Cutting Off Aid To Central America Could Make The Immigration Problem Worse

If people can’t make a living at home, they migrate.

By Jill AmentApril 5, 2019 7:03 am,

The Trump administration is moving to cut off aid to Central America, and experts say this could make the migration crisis even worse.

Jonathan Blitzer is a staff writer for the New Yorker, and his latest story details the plight of impoverished laborers in Guatemala.

“I wasn’t expecting to see the scale and vastness of the problem in quite the way I did,” Blitzer says. “People’s lives depend on remittances and money coming from the U.S.”

Blitzer says climate change has worsened conditions considerably in recent years.

“People mostly live as subsistence farms,”  Blitzer says. “With changing weather patterns, particularly given how dramatic these weather patterns have changed in recent years, people no longer have a means either of feeding themselves or of actually making enough money to continue to survive.”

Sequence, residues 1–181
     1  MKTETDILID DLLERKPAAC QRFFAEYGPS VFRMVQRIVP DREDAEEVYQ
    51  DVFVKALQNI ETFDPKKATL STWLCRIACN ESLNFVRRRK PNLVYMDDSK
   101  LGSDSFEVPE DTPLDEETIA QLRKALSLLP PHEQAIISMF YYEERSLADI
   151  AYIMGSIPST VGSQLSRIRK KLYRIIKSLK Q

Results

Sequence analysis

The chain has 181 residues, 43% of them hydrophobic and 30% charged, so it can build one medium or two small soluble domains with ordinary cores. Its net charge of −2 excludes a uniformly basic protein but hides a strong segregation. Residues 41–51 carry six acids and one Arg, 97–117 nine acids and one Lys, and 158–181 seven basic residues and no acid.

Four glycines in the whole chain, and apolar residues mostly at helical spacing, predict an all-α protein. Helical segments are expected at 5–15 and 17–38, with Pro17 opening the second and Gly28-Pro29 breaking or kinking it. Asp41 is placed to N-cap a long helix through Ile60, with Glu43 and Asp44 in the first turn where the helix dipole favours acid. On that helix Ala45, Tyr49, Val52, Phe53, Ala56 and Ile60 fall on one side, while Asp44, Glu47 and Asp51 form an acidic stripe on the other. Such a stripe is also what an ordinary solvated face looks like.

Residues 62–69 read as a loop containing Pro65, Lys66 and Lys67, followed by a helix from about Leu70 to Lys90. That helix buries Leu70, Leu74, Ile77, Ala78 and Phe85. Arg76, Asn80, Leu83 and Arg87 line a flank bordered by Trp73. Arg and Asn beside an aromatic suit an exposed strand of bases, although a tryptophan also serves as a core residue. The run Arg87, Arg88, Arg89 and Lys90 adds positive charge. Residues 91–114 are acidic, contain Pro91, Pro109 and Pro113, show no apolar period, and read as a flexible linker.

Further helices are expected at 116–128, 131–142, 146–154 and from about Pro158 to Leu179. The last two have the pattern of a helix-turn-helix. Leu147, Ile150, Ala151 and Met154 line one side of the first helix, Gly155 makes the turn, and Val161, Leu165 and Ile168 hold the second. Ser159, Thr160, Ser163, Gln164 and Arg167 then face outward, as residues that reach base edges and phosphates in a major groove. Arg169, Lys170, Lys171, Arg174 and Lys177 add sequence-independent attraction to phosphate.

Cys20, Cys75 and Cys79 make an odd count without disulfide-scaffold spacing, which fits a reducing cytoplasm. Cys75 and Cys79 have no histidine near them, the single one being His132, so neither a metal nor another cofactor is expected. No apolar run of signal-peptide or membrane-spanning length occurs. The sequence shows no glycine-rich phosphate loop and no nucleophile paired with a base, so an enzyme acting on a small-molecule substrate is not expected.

Blitzer says the changing climate also yield opportunities for the plantation of new crops, but switching production methods requires outside aid.

“That’s where American aid money comes in,” Blitzer says. “There has to be the political will to try to invest in long-term solutions to these problems.


More broadly, Blitzer says widespread corruption, poverty and mismanagement are at the root of increased emigration from Central American countries. He says while U.S. aid can’t provide food and work to every citizen, it can often affect these root causes.

“It’s helped mitigate some of these massive regional migration crises,” Blitzer says. “Taking that aid away is really only going to make the problem much, much worse.”

Written by Sol Chase.